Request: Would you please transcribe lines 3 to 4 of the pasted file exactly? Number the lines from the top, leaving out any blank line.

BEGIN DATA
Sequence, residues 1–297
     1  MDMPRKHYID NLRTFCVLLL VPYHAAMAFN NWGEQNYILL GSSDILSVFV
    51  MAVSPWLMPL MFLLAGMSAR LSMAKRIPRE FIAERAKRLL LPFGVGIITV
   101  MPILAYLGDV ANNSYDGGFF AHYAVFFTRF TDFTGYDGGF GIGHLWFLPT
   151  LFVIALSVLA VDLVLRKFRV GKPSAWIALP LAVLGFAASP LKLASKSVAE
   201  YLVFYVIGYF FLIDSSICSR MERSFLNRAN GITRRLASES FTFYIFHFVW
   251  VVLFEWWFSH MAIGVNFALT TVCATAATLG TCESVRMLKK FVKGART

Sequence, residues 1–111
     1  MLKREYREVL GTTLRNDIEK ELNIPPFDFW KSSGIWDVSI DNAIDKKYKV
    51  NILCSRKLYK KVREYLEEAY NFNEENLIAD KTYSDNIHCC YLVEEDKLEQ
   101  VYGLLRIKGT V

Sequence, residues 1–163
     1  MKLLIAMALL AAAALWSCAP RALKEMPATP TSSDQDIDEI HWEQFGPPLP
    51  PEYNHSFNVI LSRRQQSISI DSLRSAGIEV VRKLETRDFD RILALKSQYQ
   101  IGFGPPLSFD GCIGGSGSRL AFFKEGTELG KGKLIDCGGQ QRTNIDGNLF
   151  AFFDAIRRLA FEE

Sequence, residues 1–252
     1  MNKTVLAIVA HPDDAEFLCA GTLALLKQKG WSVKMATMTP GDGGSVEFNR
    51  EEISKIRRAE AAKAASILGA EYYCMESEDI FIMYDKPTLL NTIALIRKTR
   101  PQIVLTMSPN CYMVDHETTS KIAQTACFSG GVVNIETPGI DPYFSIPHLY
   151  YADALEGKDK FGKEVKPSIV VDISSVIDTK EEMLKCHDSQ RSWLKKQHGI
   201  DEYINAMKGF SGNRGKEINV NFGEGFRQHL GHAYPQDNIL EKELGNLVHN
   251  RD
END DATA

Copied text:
    51  MAVSPWLMPL MFLLAGMSAR LSMAKRIPRE FIAERAKRLL LPFGVGIITV
   101  MPILAYLGDV ANNSYDGGFF AHYAVFFTRF TDFTGYDGGF GIGHLWFLPT